As one of my favorite blogroll authors does, I’ve decided to write a post every time I upload a new activity. Or at least when I upload an interesting one. Thus I could explain why I would choose this activity and how I would made it. And people who are subscribed to my blog could discover new activities (I remember that you could also subscribe to my set of activities)
On October 6th, it rained at my house:
So I saw, immediately, the chance to make some questions:
Recently, I discovered a analogy about mathematical activities: what kind of writing task do you do?
Following 5 Practices for Orchestrating Productive Task-Based Discussions in Science (Cartier et al. 2013) these categories rise up the demanding of knowledge. And I think that students really “write a book” if they do Project-based learning.
I give you an example of this analogy for practicing fractions as operator. I want students to calculate of .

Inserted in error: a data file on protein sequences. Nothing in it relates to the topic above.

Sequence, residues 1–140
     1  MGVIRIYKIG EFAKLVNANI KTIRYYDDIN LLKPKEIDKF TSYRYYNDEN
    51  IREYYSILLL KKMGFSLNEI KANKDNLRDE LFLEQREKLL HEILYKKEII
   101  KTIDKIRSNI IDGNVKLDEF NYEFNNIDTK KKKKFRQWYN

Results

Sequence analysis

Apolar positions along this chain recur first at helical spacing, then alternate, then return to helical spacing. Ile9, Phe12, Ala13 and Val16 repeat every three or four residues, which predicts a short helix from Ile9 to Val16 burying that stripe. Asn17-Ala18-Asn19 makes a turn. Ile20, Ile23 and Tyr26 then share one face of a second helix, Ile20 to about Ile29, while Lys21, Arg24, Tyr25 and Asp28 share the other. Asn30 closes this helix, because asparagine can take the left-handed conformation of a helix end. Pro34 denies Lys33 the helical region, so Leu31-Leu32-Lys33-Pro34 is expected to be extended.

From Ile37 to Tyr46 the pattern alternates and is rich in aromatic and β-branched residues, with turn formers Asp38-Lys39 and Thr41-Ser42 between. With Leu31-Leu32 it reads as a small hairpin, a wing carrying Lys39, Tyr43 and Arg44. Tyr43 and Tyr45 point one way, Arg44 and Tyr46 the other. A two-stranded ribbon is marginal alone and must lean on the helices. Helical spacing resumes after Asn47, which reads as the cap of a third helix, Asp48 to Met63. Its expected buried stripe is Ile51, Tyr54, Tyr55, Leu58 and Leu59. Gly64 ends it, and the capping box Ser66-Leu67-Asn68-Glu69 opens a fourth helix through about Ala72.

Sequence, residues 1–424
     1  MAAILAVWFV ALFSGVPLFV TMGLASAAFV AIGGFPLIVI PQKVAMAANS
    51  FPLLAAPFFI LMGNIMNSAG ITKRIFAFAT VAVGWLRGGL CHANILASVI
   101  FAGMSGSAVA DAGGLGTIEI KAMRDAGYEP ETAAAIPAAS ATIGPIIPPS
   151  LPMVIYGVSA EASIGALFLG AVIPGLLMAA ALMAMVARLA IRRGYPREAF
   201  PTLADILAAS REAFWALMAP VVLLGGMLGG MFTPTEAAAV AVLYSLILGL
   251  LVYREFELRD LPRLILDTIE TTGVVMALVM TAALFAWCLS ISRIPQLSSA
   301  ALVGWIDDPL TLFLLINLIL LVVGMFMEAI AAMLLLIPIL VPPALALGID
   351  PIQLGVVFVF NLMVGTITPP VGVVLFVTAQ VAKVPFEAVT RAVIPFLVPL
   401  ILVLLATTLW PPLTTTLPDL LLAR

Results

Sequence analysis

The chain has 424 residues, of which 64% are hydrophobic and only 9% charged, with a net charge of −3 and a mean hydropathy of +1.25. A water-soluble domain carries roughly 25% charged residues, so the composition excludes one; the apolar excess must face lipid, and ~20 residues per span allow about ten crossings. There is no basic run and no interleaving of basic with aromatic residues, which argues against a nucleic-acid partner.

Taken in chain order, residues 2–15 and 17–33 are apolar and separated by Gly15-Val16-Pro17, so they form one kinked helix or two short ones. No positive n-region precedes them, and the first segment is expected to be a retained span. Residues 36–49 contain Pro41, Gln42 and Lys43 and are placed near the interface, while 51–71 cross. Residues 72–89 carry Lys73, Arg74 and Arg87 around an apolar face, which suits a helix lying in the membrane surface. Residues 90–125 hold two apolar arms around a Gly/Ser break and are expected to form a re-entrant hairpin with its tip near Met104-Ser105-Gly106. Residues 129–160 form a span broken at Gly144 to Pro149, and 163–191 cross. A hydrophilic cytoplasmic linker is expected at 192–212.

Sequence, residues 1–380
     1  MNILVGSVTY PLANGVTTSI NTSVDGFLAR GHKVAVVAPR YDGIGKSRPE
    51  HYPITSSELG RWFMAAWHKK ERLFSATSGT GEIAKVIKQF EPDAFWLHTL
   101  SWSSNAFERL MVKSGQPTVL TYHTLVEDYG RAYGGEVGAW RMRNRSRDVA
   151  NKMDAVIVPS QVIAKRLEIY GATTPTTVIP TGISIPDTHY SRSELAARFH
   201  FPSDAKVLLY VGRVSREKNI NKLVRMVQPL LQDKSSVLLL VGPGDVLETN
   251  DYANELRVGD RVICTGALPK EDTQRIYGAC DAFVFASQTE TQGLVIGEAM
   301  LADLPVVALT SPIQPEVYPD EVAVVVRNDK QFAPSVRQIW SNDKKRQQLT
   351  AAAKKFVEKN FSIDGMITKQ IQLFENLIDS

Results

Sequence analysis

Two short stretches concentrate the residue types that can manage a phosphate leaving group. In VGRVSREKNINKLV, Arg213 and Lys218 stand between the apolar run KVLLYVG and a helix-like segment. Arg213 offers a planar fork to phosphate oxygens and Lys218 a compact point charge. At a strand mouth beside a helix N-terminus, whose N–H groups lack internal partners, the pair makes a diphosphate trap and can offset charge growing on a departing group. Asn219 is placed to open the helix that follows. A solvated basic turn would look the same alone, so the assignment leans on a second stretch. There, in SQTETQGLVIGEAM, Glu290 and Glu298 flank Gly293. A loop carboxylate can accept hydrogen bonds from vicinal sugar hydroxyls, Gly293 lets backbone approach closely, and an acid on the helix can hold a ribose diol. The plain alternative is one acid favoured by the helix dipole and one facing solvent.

Activity: "Two farmers want to divide a 4 x 4 plot but the first should have three times surface than the second.
Divide this plot to verify this requeriment"
Students response:
Update: I change the book analogy from this:
Can you find three different ways to divide this plot verifying this requeriment?
What is the division which has the minimum cost? (each fencing side has a cost of $10)?
Can you compare yours with your neighbours’?
Can you find out what is the minimum cost division among all possible divisions?"
to above.
Cartier, Jennifer L., Margaret S. Smith, Mary Kay Stein, and Danielle K. Ross. 2013. Discussions in Science. National Council of Teachers of Mathematics. http://www.nctm.org/store/Products/5-Practices-for-Orchestrating-Task-Based-Discussions-in-Science/.
Govern de les Illes Balears. 2006. Llibre d’estil. amadip.esment. http://www.caib.es/conselleries/relinst/sgtrelinst/llibrestil/00index.html.